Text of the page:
Well, I could be wrong, but I believe Accountability is an old, old wooden
ship that was used during the War of 1812.
MANSBRIDGE: Do you read it? Do you read Canadian media?
HARPER: No. My staff every day gives me a review of the headlines, a review of the major stories on television, just an overview. I want to get the view the public gets of media reporting. The public sees the big picture. They don't get into every single editorial, or is every single, you know - is every single reference of me positive or negative? I don't need to know that stuff. I would go crazy if I spent all my time obsessing on that stuff. I need to know the big picture, what's the public hearing and seeing and to the extent that they are able to communicate back, what they are saying. But other than that, I need to be able to keep my head clear, and focus on whether decisions are right or wrong.
On April 18th, 2013, the leading political headline from Global News was Mike Duffy welching on his promise to repay the $90K. If this leading political story did not reach his ears, it would differ from the routine that his office has setup. If his Chief of Staff didn't inform him on the absurd situation of Mike Duffy being given a $90K cheque only to go in front of cameras claiming he expects to be vindicated and not have to pay a scent, then there's a serious problem as to how that office operates.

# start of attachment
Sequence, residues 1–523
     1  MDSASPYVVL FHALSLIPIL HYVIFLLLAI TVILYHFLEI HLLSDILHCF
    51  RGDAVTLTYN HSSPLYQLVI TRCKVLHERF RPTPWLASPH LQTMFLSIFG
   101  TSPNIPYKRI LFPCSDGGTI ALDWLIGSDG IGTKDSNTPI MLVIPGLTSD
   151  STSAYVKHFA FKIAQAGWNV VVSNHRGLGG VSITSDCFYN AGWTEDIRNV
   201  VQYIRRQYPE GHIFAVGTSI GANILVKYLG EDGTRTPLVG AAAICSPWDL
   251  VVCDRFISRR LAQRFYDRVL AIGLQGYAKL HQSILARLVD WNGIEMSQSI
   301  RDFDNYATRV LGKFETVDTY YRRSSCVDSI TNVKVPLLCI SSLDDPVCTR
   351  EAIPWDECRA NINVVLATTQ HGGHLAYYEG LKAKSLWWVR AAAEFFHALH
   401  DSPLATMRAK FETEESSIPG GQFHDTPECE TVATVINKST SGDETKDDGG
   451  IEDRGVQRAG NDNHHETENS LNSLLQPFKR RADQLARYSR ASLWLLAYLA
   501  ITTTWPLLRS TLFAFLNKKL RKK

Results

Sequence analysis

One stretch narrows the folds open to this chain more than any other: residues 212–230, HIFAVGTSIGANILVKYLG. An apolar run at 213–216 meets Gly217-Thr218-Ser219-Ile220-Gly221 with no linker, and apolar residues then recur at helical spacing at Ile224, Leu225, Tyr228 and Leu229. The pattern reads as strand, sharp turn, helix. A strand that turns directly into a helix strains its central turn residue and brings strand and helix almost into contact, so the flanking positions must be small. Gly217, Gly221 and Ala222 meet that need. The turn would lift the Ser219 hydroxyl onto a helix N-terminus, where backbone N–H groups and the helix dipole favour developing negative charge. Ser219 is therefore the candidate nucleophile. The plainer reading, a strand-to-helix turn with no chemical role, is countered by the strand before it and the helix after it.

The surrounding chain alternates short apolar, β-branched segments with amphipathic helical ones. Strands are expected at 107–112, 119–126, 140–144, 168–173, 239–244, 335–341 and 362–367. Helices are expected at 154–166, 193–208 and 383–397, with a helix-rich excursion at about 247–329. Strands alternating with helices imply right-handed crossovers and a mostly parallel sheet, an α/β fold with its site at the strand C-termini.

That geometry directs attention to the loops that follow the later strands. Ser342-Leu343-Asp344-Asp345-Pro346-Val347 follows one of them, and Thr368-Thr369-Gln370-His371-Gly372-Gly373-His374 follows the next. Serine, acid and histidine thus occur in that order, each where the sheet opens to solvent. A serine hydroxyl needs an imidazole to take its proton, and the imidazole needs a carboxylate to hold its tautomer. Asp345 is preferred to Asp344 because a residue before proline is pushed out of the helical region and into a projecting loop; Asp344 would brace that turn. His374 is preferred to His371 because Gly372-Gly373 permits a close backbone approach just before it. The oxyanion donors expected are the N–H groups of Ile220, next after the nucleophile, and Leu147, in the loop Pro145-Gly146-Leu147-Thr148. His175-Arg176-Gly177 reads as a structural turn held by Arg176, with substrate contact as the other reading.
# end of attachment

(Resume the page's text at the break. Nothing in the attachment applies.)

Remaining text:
This is the same PMO did was dealt a black eye by Bev Oda's extravagance of hotel rooms, limos and orange juice. The topic of accountability and personal conduct was either important to the Prime Minister, in which case he would've been told; or it wasn't, in which case the whole refrain of "The Conservative Party is the party of accountability" is an empty slogan.
Either way, when it comes to accountability, Stephen Harper has a lot to answer for.